Introduction to Sequences
[table of contents] [index]
The Chapter Tour Through xmh
and this one have mentioned sequences more than once.
Let's summarize that information here -- and add to it.
A sequence is a list of message numbers, just like an
It's used for grouping messages temporarily or permanently.
When you view
the sequence in your Table of Contents, you'll only
see those particular messages from the folder.
The other messages are still in the folder; they're just not shown.
Note the following:
Every folder and subfolder has its own sequence named all.
Naturally enough, this sequence has all messages in the folder.
On most systems, each folder can have up to 26 sequences -- not counting the
(Older versions of MH, and MH running on small systems, has a limit of
When you make a sequence, it stays with the folder until
you delete the sequence.
Each sequence in a folder has its own entry on the Sequence menu.
The selected sequence has a check mark by it.
The Figure below
shows that mailquestions is currently
selected, but I'm about to select all (the sequence will
be selected after I let go of the mouse button).
Figure: Selecting a sequence (all)
There are two ways to select a sequence:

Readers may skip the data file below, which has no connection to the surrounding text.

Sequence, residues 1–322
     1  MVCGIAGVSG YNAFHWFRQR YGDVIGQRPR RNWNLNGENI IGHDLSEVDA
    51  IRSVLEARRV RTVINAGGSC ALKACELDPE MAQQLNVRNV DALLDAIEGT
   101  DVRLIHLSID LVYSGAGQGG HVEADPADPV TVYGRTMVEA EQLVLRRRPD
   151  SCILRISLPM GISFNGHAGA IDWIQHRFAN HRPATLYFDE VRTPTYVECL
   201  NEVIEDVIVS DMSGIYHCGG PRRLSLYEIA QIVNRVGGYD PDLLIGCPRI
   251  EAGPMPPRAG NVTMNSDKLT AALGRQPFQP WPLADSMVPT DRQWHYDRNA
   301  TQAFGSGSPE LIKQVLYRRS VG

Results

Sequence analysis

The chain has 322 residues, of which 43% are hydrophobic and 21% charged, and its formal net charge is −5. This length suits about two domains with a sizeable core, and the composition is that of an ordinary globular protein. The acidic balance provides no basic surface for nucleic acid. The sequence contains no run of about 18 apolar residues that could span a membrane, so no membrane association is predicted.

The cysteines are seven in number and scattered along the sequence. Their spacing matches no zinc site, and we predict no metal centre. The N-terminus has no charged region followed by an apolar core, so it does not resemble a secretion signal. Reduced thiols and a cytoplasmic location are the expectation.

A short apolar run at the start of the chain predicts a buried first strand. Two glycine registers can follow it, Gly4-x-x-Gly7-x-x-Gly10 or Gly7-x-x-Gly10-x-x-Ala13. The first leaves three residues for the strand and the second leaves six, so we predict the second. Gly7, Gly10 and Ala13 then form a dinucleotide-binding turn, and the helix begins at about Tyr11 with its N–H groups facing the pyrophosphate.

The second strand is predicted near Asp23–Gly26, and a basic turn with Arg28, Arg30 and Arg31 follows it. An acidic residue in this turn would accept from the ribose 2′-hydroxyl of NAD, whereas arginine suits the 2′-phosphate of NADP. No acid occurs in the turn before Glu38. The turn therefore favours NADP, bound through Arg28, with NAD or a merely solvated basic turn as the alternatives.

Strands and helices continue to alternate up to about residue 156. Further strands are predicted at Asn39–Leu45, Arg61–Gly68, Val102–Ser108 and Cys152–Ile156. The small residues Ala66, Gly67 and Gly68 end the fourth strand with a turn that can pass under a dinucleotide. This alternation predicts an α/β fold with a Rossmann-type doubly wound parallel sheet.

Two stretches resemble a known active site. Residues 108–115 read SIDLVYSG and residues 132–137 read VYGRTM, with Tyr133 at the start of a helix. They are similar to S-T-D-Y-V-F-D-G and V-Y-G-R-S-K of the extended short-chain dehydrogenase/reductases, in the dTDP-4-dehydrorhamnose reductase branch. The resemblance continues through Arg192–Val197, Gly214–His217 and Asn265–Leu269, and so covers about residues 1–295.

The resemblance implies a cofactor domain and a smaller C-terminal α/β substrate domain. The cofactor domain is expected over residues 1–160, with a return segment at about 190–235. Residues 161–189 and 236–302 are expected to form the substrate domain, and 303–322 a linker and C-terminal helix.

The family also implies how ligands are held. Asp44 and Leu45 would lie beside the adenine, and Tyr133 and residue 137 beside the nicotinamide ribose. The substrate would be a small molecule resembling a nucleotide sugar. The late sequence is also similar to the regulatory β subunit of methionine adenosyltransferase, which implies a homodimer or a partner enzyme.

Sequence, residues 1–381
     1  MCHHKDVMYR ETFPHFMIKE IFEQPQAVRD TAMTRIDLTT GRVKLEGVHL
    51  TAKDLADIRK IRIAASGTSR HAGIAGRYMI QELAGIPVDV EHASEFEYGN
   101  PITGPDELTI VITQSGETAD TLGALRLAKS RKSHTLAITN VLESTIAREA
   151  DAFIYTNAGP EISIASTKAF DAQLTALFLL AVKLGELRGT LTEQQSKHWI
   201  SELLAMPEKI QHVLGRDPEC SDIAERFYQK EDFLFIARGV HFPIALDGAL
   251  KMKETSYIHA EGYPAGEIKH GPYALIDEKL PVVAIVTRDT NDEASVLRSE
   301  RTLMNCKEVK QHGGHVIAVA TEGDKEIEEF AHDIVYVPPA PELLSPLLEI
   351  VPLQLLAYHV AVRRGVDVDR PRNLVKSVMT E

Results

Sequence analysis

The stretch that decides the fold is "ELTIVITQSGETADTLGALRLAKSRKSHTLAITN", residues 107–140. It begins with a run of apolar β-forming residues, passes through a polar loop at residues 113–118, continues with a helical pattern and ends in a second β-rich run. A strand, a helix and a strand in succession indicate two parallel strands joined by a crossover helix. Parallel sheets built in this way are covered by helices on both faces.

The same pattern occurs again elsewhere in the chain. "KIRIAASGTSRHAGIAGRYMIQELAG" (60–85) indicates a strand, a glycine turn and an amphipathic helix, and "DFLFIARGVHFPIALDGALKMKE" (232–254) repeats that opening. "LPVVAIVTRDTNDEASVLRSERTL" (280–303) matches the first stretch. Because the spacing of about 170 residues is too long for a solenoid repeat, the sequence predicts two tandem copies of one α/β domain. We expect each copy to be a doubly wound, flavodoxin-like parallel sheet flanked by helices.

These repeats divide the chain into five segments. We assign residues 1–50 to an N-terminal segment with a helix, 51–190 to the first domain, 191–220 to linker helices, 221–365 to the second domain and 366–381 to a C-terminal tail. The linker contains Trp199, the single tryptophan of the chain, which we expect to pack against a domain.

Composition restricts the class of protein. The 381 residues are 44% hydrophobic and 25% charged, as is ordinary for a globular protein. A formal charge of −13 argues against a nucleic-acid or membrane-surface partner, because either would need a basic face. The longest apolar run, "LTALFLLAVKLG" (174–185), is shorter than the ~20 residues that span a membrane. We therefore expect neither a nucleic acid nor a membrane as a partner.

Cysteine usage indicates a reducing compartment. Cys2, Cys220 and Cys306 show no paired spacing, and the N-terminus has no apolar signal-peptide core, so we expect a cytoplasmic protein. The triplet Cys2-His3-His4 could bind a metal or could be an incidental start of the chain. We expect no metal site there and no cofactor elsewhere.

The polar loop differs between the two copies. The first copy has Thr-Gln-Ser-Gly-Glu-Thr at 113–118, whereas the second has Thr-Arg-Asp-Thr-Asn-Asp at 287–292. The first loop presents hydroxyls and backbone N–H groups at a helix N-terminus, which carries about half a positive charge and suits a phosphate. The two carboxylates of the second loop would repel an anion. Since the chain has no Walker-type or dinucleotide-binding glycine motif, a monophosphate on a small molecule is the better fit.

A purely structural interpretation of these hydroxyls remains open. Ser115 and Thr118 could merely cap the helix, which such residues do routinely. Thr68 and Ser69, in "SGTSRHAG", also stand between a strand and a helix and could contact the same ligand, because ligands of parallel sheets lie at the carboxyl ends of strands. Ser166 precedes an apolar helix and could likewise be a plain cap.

To make a sequence, use the Pick command -- then, if you want, you can
use the Add to Sequence and Remove from Sequence commands to
move messages into or out of the sequence.
First, let's take a look at the way to make sequences: Pick.
If you select the sequence with the first mouse button, that changes
the selected sequence but doesn't view it in the Table of Contents.
When you use Open Sequence,
a listing of the messages opens in the Table of Contents.
If you're adding a message to a sequence, though, you won't want to open it.
The accelerator is selecting the sequence with the second mouse button.
That selects the sequence and views it in the Table of Contents.
[Table of Contents] [Index]
[Previous: Organizing Messages with Folders]
[Next: Using Pick]
Last change $Date: 1996/06/06 15:10:57 $
This file is from the third edition of the book MH & xmh: Email
for Users & Programmers, ISBN 1-56592-093-7, by Jerry Peek.
Copyright © 1991, 1992, 1995 by O'Reilly & Associates, Inc.
This file is freely-available; you can redistribute it and/or modify
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the Free Software Foundation. For more information, see
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Suggestions are welcome:
Jerry Peek <firstname.lastname@example.org>